Mon, Mar 30, 2009 - Page 3 News List

ANALYSIS: Analysts say KMT was taught lesson

By Mo Yan-chih  /  STAFF REPORTER

The Chinese Nationalist Party (KMT) got a fail grade in Saturday’s legislative by-election in Taipei’s Da-an (大安) District despite its victory, and defeat could follow in the year-end local government head elections if it continues to disappoint voters with its poor performance, analysts said.

Chiang Nai-shin (蔣乃辛) of the KMT received 46,065 votes (49 percent), while the Democratic Progressive Party’s (DPP) Chou Po-ya (周柏雅) polled 36,465 (39 percent) votes in the by-election. In a district that is traditionally a KMT stronghold, the 10 percent winning margin was a disappointment and a setback for the party, political commentators said.

The outcome of Saturday’s by-election reflected the public’s dissatisfaction with the government’s performance since taking office last May, said Wang Kun-yi (王崑義), a professor at National Taiwan Ocean University.

Wang said the public resented the KMT’s handling of former KMT legislator Diane Lee’s (李慶安) dual citizenship controversy and recent racist comments made by former Toronto-based Government Information Office (GIO) official Kuo Kuan-ying (郭冠英), but the government’s failure to solve the economic crisis was the biggest factor behind the narrow margin of victory in the by-election.

“Voters in Da-an District are die-hard pan-blue supporters and many of them are what Kuo called ‘high class mainlanders.’ The bad economy, rather than ethnic confrontations, affected their willingness to cast votes and support the KMT,” Wang said.

The by-election was held in the wake of Lee’s resignation in January over the dual-citizenship controversy. In the legislative election last year, Lee captured 66 percent of the vote to Luo Wen-chia’s (羅文嘉) 32 percent for the DPP.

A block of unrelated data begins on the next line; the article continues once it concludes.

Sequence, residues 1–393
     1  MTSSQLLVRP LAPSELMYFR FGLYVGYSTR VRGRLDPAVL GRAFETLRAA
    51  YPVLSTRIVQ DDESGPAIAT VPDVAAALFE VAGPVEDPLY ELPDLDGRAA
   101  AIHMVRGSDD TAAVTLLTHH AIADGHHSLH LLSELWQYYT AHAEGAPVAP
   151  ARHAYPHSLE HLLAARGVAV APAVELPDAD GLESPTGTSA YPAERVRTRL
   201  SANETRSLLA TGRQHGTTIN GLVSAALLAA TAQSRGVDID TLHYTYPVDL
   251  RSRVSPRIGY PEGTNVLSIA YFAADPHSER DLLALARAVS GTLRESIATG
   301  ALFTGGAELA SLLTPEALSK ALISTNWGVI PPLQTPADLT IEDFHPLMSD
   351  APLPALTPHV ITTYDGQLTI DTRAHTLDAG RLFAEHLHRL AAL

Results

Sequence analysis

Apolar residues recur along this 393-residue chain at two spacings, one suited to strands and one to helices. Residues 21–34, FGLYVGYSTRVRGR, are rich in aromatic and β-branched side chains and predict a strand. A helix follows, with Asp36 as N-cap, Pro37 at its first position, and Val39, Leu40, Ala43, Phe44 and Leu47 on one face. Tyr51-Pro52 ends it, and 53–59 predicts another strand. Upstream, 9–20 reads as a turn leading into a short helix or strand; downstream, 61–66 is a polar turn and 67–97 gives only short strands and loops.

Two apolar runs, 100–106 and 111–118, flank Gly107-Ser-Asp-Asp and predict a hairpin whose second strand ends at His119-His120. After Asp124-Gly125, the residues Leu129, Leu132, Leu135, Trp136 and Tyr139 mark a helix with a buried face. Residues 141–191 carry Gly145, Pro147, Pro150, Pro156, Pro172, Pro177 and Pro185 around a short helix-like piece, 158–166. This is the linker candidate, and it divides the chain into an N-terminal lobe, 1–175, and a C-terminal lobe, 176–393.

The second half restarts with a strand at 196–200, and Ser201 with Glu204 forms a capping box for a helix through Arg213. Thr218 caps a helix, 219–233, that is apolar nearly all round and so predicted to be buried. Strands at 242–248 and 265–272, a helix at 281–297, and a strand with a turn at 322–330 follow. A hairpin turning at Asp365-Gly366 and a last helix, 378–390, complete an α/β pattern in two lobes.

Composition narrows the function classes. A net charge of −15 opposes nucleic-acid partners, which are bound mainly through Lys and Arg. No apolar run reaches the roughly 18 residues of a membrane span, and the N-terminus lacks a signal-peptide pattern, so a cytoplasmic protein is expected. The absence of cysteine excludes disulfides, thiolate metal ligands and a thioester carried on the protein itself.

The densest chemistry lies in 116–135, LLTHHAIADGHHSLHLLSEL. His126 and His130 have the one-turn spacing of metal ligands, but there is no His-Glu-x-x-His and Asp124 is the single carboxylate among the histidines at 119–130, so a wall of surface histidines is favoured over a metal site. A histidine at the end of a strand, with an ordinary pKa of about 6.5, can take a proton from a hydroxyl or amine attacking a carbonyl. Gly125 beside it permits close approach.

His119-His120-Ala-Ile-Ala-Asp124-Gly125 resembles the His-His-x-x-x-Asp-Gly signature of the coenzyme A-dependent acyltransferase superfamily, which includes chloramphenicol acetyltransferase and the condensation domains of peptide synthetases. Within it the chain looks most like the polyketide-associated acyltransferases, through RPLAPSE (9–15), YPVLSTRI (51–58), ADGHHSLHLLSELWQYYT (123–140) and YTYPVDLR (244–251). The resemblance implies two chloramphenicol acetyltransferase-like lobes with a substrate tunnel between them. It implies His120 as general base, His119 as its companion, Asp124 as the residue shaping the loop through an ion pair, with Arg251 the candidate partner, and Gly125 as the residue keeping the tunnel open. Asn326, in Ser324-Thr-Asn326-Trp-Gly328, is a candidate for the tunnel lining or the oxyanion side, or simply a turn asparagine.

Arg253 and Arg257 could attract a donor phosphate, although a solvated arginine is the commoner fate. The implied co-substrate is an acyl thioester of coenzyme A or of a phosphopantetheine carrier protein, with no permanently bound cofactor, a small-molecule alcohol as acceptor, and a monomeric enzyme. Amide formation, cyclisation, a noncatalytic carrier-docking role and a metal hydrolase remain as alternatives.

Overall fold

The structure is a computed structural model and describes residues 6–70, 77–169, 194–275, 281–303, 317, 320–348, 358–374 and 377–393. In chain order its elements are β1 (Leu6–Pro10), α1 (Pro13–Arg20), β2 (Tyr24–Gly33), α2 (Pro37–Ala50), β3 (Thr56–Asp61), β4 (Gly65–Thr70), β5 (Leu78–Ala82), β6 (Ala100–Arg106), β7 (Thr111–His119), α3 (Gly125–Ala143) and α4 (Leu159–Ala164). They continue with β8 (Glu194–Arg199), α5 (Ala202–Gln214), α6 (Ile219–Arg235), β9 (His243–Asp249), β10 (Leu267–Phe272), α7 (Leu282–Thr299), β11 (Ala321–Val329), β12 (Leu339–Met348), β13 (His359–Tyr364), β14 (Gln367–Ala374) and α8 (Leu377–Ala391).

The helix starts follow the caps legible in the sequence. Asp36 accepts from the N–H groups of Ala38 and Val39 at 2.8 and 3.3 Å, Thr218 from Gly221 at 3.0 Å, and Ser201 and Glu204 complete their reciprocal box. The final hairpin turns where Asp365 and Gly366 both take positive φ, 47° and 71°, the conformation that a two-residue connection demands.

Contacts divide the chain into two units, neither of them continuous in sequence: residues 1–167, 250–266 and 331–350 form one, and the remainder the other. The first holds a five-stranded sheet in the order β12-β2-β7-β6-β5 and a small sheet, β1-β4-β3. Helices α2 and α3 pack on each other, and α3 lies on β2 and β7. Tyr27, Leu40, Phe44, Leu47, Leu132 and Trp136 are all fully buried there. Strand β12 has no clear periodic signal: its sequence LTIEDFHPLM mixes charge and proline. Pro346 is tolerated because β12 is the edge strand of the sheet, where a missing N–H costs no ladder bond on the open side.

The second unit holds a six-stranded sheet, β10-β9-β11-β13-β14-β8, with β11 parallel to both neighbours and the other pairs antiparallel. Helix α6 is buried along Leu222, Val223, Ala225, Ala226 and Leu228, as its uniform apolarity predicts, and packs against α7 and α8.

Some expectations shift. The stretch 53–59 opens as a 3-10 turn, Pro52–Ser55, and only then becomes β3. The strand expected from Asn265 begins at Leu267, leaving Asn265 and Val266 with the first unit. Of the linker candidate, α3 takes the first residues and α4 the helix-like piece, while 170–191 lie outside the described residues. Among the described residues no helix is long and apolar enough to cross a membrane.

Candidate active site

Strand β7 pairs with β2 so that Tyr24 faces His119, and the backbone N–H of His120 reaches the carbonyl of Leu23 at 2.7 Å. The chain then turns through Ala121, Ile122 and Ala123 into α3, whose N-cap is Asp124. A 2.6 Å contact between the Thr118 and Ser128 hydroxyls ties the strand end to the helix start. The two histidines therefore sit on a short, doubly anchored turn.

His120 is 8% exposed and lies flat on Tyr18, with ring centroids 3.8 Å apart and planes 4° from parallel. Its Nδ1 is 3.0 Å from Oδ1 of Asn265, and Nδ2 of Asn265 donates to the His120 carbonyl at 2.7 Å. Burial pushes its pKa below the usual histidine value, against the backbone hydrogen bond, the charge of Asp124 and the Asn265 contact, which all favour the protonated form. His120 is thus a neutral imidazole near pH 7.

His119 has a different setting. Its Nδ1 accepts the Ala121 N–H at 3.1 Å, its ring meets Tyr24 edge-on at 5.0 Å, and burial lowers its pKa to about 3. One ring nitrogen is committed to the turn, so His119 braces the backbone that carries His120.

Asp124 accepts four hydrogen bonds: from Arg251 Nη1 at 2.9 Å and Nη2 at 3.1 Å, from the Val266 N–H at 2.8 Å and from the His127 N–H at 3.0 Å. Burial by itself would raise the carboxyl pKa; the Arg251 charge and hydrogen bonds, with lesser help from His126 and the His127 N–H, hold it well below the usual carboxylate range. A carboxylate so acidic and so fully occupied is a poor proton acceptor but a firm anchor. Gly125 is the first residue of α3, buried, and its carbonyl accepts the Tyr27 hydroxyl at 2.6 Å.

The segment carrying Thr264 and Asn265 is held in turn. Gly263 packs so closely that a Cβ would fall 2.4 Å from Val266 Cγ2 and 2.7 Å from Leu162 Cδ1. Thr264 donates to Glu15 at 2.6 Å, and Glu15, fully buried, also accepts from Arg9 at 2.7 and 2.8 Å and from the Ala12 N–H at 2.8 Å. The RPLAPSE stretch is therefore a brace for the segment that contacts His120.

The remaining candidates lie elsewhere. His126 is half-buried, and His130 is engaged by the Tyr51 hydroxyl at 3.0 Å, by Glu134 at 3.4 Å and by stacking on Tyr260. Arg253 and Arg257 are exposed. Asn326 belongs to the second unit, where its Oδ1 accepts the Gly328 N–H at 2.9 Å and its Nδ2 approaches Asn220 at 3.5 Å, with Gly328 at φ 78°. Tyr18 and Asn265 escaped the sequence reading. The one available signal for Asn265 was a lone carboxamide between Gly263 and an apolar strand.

The vote turnout for Saturday’s by-election was 39.12 percent, lower than the 42 percent who voted in the Miaoli legislative by-election on March 14.

Shih Cheng-feng (施正鋒), a political commentator at National Dong Hwa University, said the Da-an by-election was a “test” for the KMT and the administration of President Ma Ying-jeou (馬英九).

The party should take its failing grade as a warning sign and put in a better performance in order to pass the “midterm exams” in the year-end local government head elections and the “final exam,” the next presidential election, Shih said.

“Pan-blue supporters taught the KMT a lesson in both the Miaoli and Da-an by-elections, and the party could suffer more in the year-end elections if it continues to ignore the voice of the voters and remains an arrogant ruler,” Shih said.

He said the KMT underestimated its supporters when it nominated Chen Luan-ying (陳鑾英), the wife of former Chinese Nationalist Party (KMT) legislator Lee E-tin (李乙廷) for the Miaoli by-election after Lee was found guilty of vote-buying. Chen lost the by-election to independent candidate, Kang Shih-ju (康世儒).

The KMT should be more cautious about selecting candidates for local government head elections, especially controversial figures such as Taipei County Commissioner Chou Hsi-wei (周錫瑋) and Taitung County Commissioner Kuang Li-chen (鄺麗貞), he said.

Political analyst Wang Yeh-lih (王業立) of Taipei’s National Taiwan University said the by-election result was an encouragement for the DPP. However, the low voter turnout indicated that the public was disappointed with both parties and indifferent toward politics.

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